How Much Backstory is too Much? by Katie Ginger – Writing Tips

How Much Backstory is too Much? by Katie Ginger – Writing Tips

Our new segment for 2022 is for new authors/writers and written by published authors, titled – Writing Tips. These posts will be shared with you every Wednesday. Our latest post is from author Katie Ginger on the subject ‘How Much Backstory is too Much?’. This post contains affiliate links.

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How Much Backstory is too Much

Having written a few novels, I’ve come to understand one thing about writing advice: it isn’t always right!

For example, listen to any podcast or read any article on writing and you’ll be faced with the advice that your first page and definitely your first chapter needs to grab the reader’s attention, and to do that you need pacing and to cut out backstory. Some experts will even say there isn’t any room for backstory in those first precious pages, but is that actually true?

In my experience, no, it’s not entirely, and here’s why.

First of all, let’s talk about backstory. Backstory is all the stuff that happens before we meet your character. It’s all the things that have gone before (both good and bad) that have turned them into the person they are when we first see them on the page.

Secondly, why is the first chapter the most important? The simple answer is this is the start of your story! It’s your chance to grab the reader and get their attention so they don’t want to put your book down. In a querying situation, these are the pages that the editor/agent will judge your work on. They need to be good, right?

So how much backstory do you need and where should you put it?

I’d definitely say that, as a writer, you need to know the backstory of your characters, even if none of it appears on the page. This will make writing much easier and there are a lot of resources out there to help you do that. Some people interview their characters, others prefer to do work before they begin writing and getting to know them. Find what works for you but having an idea of who your character is and what baggage they carry will help you determine their character traits and how they’ll react to all the horrible things you’re going to throw at them.

In terms of how much backstory you need, I would say you need just enough to make your characters’ reactions make sense, even in those first few pages. For example, if we’re going to see a character three months on from the death of their husband, we need to know a little bit about their marriage, possibly even the death, to understand their grief and pain.

Another, slightly silly example but one that really demonstrates what I mean is an adventurer facing a snake. Sounds mad, I know, so bear with me! When our adventurer walks onto page one, he seems heroic and fierce, then he comes across a snake and freezes in fear. That might be fair enough if it’s a big snake, but what would you think if you knew his father was killed by a python when he was a child. Maybe our adventurer even saw it happen and was helpless to stop it, and even after all this time, he’s still terrified of them. It’s a fear he’s been unsuccessfully battling for years.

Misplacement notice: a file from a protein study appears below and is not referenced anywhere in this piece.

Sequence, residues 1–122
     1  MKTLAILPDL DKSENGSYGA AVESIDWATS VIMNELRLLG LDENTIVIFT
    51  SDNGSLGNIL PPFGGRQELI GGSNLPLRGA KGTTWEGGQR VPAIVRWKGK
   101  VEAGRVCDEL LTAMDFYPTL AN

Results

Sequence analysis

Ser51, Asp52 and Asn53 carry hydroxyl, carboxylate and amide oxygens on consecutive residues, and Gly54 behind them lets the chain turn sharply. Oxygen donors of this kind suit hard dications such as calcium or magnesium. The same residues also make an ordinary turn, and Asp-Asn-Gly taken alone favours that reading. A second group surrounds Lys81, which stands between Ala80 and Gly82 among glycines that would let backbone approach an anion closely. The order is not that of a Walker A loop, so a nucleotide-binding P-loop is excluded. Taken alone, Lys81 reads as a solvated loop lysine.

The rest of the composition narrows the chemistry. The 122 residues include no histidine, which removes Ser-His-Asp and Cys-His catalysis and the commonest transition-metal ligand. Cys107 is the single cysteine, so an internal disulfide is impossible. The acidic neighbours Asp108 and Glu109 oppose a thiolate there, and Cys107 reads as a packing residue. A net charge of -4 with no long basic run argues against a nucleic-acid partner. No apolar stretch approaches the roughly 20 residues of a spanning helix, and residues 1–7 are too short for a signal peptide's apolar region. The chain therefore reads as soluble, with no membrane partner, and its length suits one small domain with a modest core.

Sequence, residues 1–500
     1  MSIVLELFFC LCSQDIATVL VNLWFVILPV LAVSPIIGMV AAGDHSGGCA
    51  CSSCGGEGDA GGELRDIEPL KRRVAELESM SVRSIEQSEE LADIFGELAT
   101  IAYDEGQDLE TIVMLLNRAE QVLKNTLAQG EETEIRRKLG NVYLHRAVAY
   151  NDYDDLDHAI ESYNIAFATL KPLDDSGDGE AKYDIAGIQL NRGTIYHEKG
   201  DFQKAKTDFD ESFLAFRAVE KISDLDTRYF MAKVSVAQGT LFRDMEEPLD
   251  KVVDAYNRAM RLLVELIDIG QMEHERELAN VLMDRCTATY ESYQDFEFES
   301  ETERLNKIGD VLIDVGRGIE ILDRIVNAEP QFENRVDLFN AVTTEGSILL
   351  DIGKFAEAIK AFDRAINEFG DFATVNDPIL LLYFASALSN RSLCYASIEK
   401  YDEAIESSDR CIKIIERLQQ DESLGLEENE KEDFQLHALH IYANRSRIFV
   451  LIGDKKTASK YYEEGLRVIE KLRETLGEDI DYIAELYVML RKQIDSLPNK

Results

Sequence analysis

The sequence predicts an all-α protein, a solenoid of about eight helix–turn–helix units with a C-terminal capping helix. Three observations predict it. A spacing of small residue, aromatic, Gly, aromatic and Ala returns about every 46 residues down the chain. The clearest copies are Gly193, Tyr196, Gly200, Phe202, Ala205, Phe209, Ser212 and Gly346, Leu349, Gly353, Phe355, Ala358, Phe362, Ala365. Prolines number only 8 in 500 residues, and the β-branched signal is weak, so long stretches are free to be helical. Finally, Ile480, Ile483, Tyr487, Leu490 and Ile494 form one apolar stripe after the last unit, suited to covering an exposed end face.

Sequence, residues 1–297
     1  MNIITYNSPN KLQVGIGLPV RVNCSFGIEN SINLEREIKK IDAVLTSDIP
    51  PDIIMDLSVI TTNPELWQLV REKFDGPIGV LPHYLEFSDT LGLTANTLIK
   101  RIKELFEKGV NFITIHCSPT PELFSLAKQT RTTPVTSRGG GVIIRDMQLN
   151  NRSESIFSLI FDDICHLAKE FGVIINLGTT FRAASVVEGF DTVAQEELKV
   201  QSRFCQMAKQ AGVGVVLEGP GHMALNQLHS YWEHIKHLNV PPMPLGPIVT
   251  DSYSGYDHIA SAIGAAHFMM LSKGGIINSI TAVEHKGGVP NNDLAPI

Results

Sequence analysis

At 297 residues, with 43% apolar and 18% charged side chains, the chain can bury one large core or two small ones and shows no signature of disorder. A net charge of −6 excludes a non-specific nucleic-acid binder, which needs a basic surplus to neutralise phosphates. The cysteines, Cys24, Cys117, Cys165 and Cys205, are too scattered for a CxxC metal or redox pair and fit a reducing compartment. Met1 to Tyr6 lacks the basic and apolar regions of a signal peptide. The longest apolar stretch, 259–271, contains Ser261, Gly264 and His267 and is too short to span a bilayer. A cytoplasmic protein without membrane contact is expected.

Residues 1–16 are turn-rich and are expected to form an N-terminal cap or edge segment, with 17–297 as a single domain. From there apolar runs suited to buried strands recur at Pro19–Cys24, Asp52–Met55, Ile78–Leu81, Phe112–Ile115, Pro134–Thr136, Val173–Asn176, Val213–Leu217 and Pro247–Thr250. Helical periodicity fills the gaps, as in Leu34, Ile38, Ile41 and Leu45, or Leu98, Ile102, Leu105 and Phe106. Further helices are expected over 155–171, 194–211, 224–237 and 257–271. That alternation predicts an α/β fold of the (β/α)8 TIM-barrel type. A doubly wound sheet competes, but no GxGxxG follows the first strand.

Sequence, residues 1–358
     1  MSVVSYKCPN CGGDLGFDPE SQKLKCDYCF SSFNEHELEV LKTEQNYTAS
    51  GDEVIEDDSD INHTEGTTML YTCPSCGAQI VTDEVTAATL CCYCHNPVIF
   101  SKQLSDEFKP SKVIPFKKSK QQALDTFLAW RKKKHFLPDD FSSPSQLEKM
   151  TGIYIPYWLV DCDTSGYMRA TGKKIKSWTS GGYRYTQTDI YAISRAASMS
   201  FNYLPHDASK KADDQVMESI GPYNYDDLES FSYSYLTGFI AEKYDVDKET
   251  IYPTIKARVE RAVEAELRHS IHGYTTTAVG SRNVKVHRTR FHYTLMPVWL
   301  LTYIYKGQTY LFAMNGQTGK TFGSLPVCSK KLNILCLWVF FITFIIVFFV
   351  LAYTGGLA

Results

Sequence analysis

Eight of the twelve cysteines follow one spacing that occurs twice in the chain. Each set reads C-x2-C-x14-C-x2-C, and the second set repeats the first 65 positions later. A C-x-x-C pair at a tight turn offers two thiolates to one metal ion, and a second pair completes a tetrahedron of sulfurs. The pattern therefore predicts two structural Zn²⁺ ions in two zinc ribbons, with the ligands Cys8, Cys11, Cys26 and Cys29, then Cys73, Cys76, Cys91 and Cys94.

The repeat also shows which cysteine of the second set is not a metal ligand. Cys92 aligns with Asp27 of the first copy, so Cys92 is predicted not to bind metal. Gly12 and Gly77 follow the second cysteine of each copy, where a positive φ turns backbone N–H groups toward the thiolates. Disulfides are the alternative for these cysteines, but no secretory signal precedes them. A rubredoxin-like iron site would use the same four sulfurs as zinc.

All of a sudden the fear is not just understandable, it’s tangible, and the little bit of backstory we’ve dropped in makes the event even more impactful. We’ve also upped the stakes and tension immeasurably in just a couple of lines.

So backstory is important, even in those first few pages, but my rule of thumb is only to give snippets. We don’t need to know where a character was born or what their first job was, but we do need to know enough to give their reactions and feelings the most impact.

About the Author

Katie Ginger How Much Backstory is too Much

KATIE GINGER lives by the sea in the south-east of England, and apart from holidays to very hot places where you can sit by a pool and drink cocktails as big your head, she wouldn’t really want to be anywhere else.

The Little Library on Cherry Lane is Katie’s ninth and latest novel. She was also shortlisted for the Katie Fforde Debut Novel of the Year Award for her first novel The Little Theatre on the Seafront.

When she’s not writing, Katie spends her time with her husband and two kids, and their dogs: Wotsit, the King Charles spaniel, and Skips, the three-legged rescue. (And yes, they are both named after crisps!)

For more about Katie, her books and latest news, sign up to her monthly newsletter here: And as a thank you’ll get a FREE short story!

Author Links


The Little Library on Cherry Lane by Katie Ginger

The Little Library on Cherry Lane

Author – Katie Ginger
Publisher – HQ
Pages – 361
Release Date – 11th March 2022
ISBN 13 – 978-0008422769
Format – ebook, paperback, audio

Synopsis writing tips 2022

Elsie Martin may lead a quiet life, but when her beloved library is threatened to make way for a new housing development, Elsie knows it has to be saved – and that, despite being painfully shy, she needs to lead the campaign to save it.

Jacob Yardley thinks he’s doing the right thing by building a new affordable housing development. After all, people don’t really use libraries anymore, do they?

But, as Elsie and Jacob clash over the future of the library, sparks begin to fly. Jacob is falling back in love with books and libraries – could he possibly be falling for her too? And will Elsie be able to save the library that means so much to her?

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